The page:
The Block diagram consists of the power supply, which is of single-phase 230V ac. This should be given to step down transformer to reduce the 230V ac voltage to lower value. i.e., to 9V or 18V ac this value depends on the transformer inner winding. The output of the transformer is given to the rectifier circuit. This rectifier converts ac voltage to dc voltage. But the voltage may consist of ripples or harmonics. To avoid these ripples, the output of the rectifier is connected to filter. The filter thus removes the harmonics. This is the exact dc voltage of the given specification. But the controller operates at 5V dc and the relays and driver operates at 12V dc voltage. So the regulator is required to reduce the voltage. Regulator 7805 produces 5V dc and regulator 7812 produces 12V dc. Both are positive voltages. The supply from 7805 regulator is used for the purpose of track changing which consists of a stepper motor driven with ULN2003 the current driver chip. The supply of 12v is given to drive the stepper motor for the purpose of gate control. Through uln2003
2.2 Operation:
Fig 2.2. shows the of view of model project.
T his project utilizes two powerful IR transmitters and two receivers; one pair
of transmitter and receiver is fixed at up side (from where the train comes) at a level higher than a human being in exact alignment and similarly the other pair is fixed at down side of the train direction. Sensor activation time is so adjusted by calculating the time taken at a certain speed to cross at least one compartment of standard minimum size

of the Indian railway. We have considered 5 seconds for this project. Sensors are fixed at 1km on both sides of the gate. We call the sensor along the train direction as Ëœforeside sensorâ„¢ and the other as Ëœaft side sensorâ„¢. When foreside receiver gets activated, the gate motor is turned on in one direction and the gate is closed and stays closed until the train crosses the gate and reaches aft side sensors. When aft side receiver gets activated motor turns in opposite direction and gate opens and motor stops. Buzzer will immediately sound at the fore side receiver activation and gate will close after 5 seconds, so giving time to drivers to clear gate area in order to avoid trapping between the gates and stop sound after the train has crossed. The same principle is applied for track switching. Considering a situation wherein an express train and a local train are traveling in opposite directions on the same track; the express train is allowed to travel on the same track and the local train has to switch on to the other track. Two sensors are placed at the either sides of the junction where the track switches. If thereâ„¢s a train approaching from the other side, then another sensor placed along that direction gets activated and will send an interrupt to the controller. The interrupt service routine switches the track. Indicator lights have been provided to avoid collisions. Here the switching operation is performed using a stepper motor. Assuming that within a certain delay, the train has passed the track is switched back to its original position, allowing the first train to pass without any interruption. This concept of track switching can be applied at 1km distance from the stations.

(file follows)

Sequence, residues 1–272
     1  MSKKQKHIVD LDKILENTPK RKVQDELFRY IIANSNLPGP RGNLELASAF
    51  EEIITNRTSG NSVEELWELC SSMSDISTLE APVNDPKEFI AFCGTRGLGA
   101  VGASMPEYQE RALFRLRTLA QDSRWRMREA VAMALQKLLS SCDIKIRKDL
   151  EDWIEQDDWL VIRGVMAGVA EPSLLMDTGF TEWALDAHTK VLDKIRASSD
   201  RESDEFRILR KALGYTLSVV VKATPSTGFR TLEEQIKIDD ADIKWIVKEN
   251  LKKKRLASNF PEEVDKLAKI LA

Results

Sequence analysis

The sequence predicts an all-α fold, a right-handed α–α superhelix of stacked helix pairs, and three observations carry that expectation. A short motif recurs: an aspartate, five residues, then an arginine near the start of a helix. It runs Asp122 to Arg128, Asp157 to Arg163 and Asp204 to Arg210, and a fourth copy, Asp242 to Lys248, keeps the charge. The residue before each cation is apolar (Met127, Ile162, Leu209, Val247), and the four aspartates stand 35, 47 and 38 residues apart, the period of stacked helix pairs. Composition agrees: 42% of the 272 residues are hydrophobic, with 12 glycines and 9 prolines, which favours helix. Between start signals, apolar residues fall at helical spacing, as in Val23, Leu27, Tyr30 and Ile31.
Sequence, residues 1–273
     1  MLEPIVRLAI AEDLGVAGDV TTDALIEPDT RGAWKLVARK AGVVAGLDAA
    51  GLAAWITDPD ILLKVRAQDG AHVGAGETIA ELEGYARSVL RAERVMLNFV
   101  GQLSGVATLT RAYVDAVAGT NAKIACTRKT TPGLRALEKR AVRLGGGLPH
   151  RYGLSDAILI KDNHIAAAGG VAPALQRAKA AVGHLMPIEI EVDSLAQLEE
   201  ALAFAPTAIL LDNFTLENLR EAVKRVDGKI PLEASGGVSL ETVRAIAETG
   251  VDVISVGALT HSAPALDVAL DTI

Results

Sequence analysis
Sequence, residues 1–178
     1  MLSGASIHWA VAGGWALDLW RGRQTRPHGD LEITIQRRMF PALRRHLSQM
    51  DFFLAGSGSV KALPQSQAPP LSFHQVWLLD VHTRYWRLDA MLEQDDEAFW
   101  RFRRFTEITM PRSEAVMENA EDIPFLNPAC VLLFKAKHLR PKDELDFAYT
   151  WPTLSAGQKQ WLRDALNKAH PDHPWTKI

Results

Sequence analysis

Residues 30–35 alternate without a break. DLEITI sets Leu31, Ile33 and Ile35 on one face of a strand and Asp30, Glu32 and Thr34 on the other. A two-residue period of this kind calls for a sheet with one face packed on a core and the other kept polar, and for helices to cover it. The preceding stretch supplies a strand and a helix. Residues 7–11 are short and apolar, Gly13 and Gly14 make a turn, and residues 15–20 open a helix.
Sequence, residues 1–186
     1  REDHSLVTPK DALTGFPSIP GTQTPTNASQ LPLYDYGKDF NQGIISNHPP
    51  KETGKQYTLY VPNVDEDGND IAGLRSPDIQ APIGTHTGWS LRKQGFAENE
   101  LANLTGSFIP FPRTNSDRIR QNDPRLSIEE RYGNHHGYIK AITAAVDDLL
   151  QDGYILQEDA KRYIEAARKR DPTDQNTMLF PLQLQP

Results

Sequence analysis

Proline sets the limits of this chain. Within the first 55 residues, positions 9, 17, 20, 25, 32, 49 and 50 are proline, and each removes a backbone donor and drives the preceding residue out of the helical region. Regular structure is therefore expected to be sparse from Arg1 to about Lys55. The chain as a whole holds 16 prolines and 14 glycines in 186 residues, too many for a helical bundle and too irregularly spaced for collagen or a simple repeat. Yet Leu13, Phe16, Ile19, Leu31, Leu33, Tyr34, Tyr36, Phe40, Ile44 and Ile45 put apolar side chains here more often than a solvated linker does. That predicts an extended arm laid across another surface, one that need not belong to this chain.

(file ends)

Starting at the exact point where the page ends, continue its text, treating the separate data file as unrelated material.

In this project Atmel 89c51 Micro controller Integrated Chip plays the main role. The program for this project is embedded in this Micro controller Integrated Chip and interfaced to all the peripherals. The timer program is inside the Micro controller IC to maintain all the functions as per the scheduled time. The Liquid crystal Display (LCD) is interfaced to Atmel 89c51 Micro controller to display the message, stepper motors are used for the purpose of gate control and track changing interfaced with current drivers chip ULN2003 itâ„¢s a 16 pin ic.

Infrared sensors are used in this for the detection of the train when ever it sends a signal to microcontroller the stepper motor should operate or message will be displayed on LCD. It consists of units called transmitter and receiver circuit. Infrared sensor circuit consists of IC555 timer C 555 is used to construct an astable multivibrator which has two quasi-stable states. It generates a square wave of frequency 38 kHz and amplitude 5Volts. It is required to switch ËœONâ„¢ the IR LED. A stepper motor is a widely used device that translates electrical pulses into mechanical movement. They function as their name suggests - they step a little bit at a time. The software is written in C-language and is dumped to the microcontroller to run the project. Operation of this project can be explained through three units: 1. Gate control unit 2. Track changing unit 3. Announcement unit 4. Two trains opposite on same track case 2.2.1 Gate control unit: